Ambassador

by: 
William Alexander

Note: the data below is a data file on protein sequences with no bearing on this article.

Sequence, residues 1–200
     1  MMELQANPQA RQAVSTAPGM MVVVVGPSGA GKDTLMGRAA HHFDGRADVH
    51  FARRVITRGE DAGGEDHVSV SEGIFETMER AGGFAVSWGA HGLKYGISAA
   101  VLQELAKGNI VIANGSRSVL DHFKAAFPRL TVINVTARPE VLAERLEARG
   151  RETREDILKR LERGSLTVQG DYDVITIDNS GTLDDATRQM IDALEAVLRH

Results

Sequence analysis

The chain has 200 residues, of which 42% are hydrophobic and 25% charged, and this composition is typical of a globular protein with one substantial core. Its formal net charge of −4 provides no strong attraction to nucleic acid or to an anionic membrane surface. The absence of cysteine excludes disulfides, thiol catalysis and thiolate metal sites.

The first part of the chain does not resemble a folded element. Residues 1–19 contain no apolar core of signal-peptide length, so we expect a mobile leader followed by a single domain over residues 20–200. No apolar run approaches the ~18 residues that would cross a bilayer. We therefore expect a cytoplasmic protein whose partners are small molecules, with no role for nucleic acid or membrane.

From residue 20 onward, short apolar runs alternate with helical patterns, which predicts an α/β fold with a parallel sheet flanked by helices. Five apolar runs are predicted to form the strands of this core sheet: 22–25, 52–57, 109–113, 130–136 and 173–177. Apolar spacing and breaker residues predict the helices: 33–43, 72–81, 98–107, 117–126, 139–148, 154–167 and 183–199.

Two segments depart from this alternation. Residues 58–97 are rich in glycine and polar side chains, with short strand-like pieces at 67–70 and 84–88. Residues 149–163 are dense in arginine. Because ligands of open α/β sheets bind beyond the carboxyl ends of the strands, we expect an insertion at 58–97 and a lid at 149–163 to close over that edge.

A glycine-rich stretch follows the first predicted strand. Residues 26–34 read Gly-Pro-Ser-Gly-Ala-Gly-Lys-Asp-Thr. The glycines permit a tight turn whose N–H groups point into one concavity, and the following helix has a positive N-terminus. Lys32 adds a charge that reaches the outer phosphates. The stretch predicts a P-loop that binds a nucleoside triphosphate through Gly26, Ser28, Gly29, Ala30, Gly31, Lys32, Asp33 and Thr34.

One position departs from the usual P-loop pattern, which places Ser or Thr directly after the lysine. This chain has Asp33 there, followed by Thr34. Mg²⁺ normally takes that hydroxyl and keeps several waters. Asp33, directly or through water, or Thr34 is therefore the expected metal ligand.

Author William Alexander has a lot of fun with this book playing with the idea of "alien" -- and twining together two narratives: one about a space alien who comes to recruit a new inter-galactic ambassador from Earth, and another about the new Ambassador's human family, which gets detailed by ICE (Immigration and Customs Enforcement) over the course of the novel.  The main character, Gabe, is an 11-year-old, is shocked when a blob like alien asks him to be a space ambassador, but as the alien, Envoy, has learned, Gabe is still young enough to accept the post and the strangeness that comes with it.  He is not yet too cynical to believe that there is active, intelligent life beyond humans. So, Gabe embarks on a number of journeys, to meet with other ambassadors, soon learning that Earth is in trouble.  Another alien group will soon take over the planet -- and in the meantime, someone is distinctly trying to kill him (and even implodes his home).  What makes the surreal believable is Gabe's very realistic relationships with his best friend Frankie, his mom and dad, his older sister, and his twin baby brother and sister.  Gabe is kind and thoughtful, though he gets into the usual pre-teen scrapes. But, then, while he is fight aliens, his parents, who are from Mexico and do not have papers to live and work in the United States, are taken into custody.  His dad is to be immediately deported. His older sister, who is also without papers is in hiding, in a space previously used on the Underground Railroad and helping Central American refugees.  It all sound a little far-fetched, and maybe it is, but in an utterly charming way.  The ways in which this book ties together the future and the past is best encapsulated in the moment when the 11-year-old human ambassador, look at an alien, and explains that he's giving her people a free pass to harvest ice and hide in a local asteroid belt with the following quote, "I'm doing this because my best friend's house used to be a stop on the Underground Railroad.  And because it is still a stop on the Underground Railroad.  You're trying to make your way north.  You're crossing the desert. You need water.  I won't be the one who finds you and turns you in. I won't tell the people with guns where you're hiding.  I will not do that."  This book is a good, fun read that not only contains some great ideas but alien spacecraft shooting lasers at humans, which always adds excitement. 

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